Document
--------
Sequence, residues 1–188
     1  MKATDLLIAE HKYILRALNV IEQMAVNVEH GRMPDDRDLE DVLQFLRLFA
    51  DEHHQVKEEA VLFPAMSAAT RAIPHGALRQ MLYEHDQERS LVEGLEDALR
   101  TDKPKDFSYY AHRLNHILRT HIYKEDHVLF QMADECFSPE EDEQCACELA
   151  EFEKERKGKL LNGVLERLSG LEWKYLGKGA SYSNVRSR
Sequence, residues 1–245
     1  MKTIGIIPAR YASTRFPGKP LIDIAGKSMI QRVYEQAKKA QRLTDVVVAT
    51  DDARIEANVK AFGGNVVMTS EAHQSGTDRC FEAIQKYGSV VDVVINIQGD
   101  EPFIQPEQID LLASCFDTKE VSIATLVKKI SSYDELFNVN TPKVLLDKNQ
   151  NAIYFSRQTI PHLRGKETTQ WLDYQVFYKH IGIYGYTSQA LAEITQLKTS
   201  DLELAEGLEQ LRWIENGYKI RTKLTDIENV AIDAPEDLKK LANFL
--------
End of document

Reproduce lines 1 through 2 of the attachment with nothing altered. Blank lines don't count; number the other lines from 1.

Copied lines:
Sequence, residues 1–188
     1  MKATDLLIAE HKYILRALNV IEQMAVNVEH GRMPDDRDLE DVLQFLRLFA